All well and good, except, if you read further, you realize that OCD aims its efforts at those “that will primarily benefit persons of low and moderate income.” This is not a misprint. This is not THE PLANET editorializing. OCD actually has those words published on its website. It’s an “a ha!” moment for those puzzling at the “how” and “why” of Pittsfield’s ineptness at economic development.
OCD: In Need of Leadership, and the Gap Traces Back to the Corner Office
In this statement, OCD makes no effort to hide the political nature of the office: Instead of concentrating on true, market-driven economic development, it sees itself as an extension of “human services,” long a staple of Democratic politics. No wonder that the office has been so ineffective in spurring genuine “community and economic development.”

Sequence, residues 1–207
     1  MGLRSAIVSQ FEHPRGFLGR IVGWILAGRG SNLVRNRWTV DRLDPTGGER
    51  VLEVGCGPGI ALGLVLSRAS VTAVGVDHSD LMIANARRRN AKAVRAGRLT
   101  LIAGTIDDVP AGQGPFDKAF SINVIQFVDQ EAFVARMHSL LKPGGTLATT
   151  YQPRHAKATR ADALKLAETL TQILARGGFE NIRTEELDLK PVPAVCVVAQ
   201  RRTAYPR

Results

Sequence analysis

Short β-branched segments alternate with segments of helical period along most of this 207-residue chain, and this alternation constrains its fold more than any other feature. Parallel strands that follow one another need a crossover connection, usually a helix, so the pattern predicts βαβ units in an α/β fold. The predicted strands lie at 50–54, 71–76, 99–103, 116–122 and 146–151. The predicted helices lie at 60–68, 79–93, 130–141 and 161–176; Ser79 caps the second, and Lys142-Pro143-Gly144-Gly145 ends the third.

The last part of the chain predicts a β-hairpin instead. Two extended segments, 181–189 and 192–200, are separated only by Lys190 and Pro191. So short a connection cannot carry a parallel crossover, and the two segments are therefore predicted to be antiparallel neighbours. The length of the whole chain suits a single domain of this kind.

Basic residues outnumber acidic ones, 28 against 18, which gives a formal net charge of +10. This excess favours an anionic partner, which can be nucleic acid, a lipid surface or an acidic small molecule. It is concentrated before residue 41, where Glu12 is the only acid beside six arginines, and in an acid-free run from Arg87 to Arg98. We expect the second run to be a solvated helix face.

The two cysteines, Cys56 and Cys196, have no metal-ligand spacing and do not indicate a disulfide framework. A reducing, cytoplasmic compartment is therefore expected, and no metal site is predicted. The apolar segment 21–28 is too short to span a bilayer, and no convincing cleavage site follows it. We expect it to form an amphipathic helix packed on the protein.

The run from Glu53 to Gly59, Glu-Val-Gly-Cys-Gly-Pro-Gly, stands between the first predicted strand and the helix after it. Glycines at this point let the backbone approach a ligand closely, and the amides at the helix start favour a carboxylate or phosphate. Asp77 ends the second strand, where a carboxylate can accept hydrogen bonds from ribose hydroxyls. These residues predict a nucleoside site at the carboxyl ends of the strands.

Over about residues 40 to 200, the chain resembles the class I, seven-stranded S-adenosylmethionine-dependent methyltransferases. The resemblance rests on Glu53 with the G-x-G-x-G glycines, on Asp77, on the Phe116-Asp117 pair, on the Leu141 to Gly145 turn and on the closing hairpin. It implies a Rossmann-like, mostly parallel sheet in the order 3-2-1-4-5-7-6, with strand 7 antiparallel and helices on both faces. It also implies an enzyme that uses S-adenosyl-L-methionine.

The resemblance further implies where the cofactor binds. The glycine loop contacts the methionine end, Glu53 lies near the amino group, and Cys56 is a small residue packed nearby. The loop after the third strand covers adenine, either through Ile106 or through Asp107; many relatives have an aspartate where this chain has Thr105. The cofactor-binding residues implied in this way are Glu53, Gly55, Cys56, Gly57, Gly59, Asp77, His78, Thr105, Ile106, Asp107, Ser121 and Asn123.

THE PLANET has previously looked at the pollution of Pittsfield’s air, land, and water left behind by General Electric as a factor in why no new jobs. Another factor is the region’s poor approach to planning, as exemplified by the CEDS process. Well, we can add the misalignment of OCD as another causative factor — not as pronounced, but, in a -straw-breaking-a-camel’s-back kind of way, just as devastating.
OCD has a leadership problem. Under Deanna Ruffer, the now-defunct OCD head, the office was allowed to drift into the realm of human services and away from economic development. The staff is a good one, however, and with the right person in place with the proper “market” disposition, OCD can live up to its promise in terms of job creation. This will take leadership from the corner office, though, and that has been in short supply for Bianchi’s entire term. The mayor needs to shake OCD out of its doldrums, install an entrepreneur as head, and give the competent staff license to create.
As it is, OCD’s idea of “community” is the maintenance of an enclave in which there is no longer a reliable middle class, only a “low-income” subpopulation in need of “human services.” Pittsfield citizens and taxpayers can no longer afford this low-ball conception of such a key office for the way it perpetuates a population of “takers” who ride on the backs of a constantly beleaguered group of “givers.”